He continued to read. She leaned toward him, the yearning in her face obvious to him. He could have kicked himself for his years of blindness. He would repair the foibles of his bumbling youth. And give her joy now. With Edward stooped over a thick tome, Henry recited more.“‘And on that cheek, and o’er that brow, So soft, so calm, yet eloquent, the smiles that win,’” His hand cupped her cheek and he ran a thumb lightly over her mouth.
His gaze lingered on her lips. He studied every gentle crease and dip in their plush and soft form. The curve, the rise at the top of her mouth. His breathing came faster, his heart reminding him of her effect on him. With great effort, he pulled his eyes away and continued.
The tints that glow,
He reached forward and pulled at a curl against her cheek.
She closed her eyes at his touch.
Edward cleared his throat.
Henry had forgotten his presence. He swallowed.
Tabitha’s eyes flashed in annoyance, scowling at her brother. She carried such a burst of fire in her, Henry had to chuckle.
“But the best part is coming.” He created some distance between them. He wanted to express what he valued most in her.
“‘A mind at peace with all below,
A heart whose love is innocent!’”
His core was so affected by the innocent manner in which she loved him, he knew he would never be the same.
Edward grunted. “And you will read that? To the group?”
Henry felt a moment’s unease. Turning to Tabitha, he asked, “Did you not like it?”
But Tabitha placed a hand on his arm and winked. “I have found another of great interest. Shall I read it?” She tilted her page so that Henry could see. The First Kiss of Love, By Lord Byron. He bit back his shocked reply and looked at her with renewed respect. She could be quite bold apparently. He would not be surprised by anything she did any longer. Glancing at Edward and back to her, he nodded. “If you wish. Perhaps we can read them both?” He bit his cheek to stem the laughter, already enjoying Edward’s predicted reaction.
Tabitha stood and cleared her throat. She held out her arm. “Away with your fiction of flimsy romance,” She waved her hand as if to brush them aside. “those tissues of falsehood which folly has wore;” She dropped to the ground on her knees. “Give me the mild beam of the soul-breaking glance, or the rapture” she held a hand against her chest. “which dwells on the first kiss of love.”
Henry was equal parts enraptured and amused.
“I must disagree most firmly with your choice, Tabitha.” Edward stepped forward, ready to take the book from her grasp.
She stood again, holding the book away from him. “Oh, come now, Edward. You haven’t even heard the whole of it.” Her eyebrow rose, a moment of impasse between the two siblings filled the silence with unspoken energy. For the first time, Henry recognized that between the two, Tabitha might be the most difficult to cross.
A throat cleared, and the Countess and several of the other guests entered the room. “Are we having an early recitation? I’m so pleased to hear it. Do continue.” The Countess’s skirts moved around her ankles as she entered the room and sat in the chair nearest Tabitha. She continued the next line herself. “If Apollos should e’er his assistance refuse…Invoke them no more, bid adieu to the muse, and try the effect of the first kiss of love.”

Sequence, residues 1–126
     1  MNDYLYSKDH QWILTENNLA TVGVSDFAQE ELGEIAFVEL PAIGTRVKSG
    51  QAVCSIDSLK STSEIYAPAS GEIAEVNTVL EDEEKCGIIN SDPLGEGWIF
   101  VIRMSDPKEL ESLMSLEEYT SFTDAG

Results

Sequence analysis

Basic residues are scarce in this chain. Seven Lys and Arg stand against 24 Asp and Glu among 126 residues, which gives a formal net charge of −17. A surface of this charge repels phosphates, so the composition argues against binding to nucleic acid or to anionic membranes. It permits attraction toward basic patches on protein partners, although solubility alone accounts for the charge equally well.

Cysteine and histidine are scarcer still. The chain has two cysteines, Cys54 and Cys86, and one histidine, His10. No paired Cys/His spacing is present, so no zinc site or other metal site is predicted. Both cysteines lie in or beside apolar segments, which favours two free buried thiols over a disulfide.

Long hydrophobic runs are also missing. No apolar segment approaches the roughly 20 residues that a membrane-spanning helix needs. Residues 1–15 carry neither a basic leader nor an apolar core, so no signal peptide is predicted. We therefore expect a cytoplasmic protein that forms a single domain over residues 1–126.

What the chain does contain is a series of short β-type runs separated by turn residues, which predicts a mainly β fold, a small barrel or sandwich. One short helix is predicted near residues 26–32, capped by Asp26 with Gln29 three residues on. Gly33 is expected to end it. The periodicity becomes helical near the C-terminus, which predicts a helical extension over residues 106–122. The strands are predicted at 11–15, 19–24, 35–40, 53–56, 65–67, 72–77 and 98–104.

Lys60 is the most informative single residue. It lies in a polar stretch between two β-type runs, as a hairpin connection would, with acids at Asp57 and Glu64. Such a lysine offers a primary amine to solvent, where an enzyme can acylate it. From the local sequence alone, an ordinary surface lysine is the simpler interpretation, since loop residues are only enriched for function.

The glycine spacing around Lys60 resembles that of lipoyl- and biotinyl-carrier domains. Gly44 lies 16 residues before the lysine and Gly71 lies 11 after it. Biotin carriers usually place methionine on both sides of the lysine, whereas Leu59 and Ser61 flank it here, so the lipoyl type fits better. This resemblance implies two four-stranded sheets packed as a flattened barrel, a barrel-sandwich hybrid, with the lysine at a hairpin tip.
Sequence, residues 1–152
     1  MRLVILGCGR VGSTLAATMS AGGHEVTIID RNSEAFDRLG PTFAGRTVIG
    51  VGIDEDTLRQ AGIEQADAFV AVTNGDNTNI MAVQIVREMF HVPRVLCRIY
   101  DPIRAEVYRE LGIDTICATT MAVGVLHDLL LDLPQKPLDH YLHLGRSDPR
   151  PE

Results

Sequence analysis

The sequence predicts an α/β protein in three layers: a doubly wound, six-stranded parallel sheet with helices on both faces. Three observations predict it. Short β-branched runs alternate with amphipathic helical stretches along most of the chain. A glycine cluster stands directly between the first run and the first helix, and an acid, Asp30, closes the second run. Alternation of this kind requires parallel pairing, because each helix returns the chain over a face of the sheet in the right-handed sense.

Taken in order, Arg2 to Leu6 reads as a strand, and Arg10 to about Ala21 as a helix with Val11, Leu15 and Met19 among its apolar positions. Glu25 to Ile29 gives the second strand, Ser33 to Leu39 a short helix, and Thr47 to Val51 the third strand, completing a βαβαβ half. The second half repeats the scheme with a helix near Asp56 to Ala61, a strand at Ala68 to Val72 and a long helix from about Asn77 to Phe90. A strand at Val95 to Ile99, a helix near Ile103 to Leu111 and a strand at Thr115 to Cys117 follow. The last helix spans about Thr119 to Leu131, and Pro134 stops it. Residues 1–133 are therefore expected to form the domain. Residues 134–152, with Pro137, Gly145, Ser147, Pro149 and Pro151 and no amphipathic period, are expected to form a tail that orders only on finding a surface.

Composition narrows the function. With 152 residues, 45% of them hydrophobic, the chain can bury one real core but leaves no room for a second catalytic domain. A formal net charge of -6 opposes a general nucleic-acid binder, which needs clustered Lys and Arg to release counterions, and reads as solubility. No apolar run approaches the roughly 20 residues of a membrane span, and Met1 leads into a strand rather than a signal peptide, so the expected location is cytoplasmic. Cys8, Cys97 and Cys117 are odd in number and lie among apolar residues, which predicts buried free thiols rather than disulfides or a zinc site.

Henry wasn’t sure what the others would think of such a recitation. Out of the corner of his eye, ladies fanned themselves. Some sighed. He avoided looking in the Countess’ direction.
After a moment’s hesitation, Edward paced, and his irritation seemed to spur Tabitha on.
One of the younger debutantes this season moved forward and linked her arm with Edward’s, distracting him fully. Henry nearly choked when Edward smiled into her face and walked her a few feet away from them, engaged in conversation.
Tabitha’s voice, honey to his ears, continued. “I court the effusions that spring from the heart,” She clutched at her heart. “Which throbs with delight to the first kiss of love.”
Henry felt his face heat, but he watched her in growing fascination.
“Your shepherds, your flocks—those fantastical themes, Perhaps may amuse, yet they never can move,”
What woman was this? So caring and dear to him, impassioned and sincere.
She extended her hand and gently pulled him to his feet. Then stood as close as she could before she continued. “I court the effusions that spring from the heart, Which throbs with delight to the first kiss of love. The first,” She paused and lifted her face to him. “kiss of love.”
Her wide eyes blinked, so close. Her lips, soft, spoke of his dearest desire. The sincerity in her expression became his undoing. He put his arm around her back, all the while searching her face. Her eyes darkened; they filled with desire. His own ignited. He tilted his head, his lips yearning for the softness of her own. When he was close enough to feel her breath on his mouth, Edward coughed. “Surely not, Henry.”
- Chapter Fifty-Two: Poetry and a Kiss, Perhaps?
- Forty Seven: Stolen Moments
- Forty-Two: Distrust all Around
- Thirty-Eight: Up to Something
- Thirty-One: Whist and Wagers
- Twenty-Seven: Midnight Meetings and Stained Glass
- Twenty-Two: A Choice in the Dark
- Eighteen: Blast his New Attraction
- Eleven: Awash in the River
- Seven: A Delicious Distraction is Afoot